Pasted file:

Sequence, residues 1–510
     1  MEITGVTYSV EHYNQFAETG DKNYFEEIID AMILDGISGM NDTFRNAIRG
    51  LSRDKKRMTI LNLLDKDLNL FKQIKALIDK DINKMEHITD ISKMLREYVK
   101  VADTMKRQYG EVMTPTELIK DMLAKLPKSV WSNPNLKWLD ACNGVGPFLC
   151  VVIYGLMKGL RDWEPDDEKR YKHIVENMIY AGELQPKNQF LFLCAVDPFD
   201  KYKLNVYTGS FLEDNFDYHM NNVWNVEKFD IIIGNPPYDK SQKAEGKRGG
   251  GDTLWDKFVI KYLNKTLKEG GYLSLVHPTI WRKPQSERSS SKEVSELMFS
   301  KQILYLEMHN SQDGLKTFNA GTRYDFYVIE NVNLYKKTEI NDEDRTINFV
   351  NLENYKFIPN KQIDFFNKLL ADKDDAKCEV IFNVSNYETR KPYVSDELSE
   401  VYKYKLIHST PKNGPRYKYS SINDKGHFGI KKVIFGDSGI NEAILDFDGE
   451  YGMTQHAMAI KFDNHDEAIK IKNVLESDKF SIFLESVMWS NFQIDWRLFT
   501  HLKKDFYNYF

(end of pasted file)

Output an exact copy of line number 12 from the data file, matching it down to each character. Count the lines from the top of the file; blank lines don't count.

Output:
   501  HLKKDFYNYF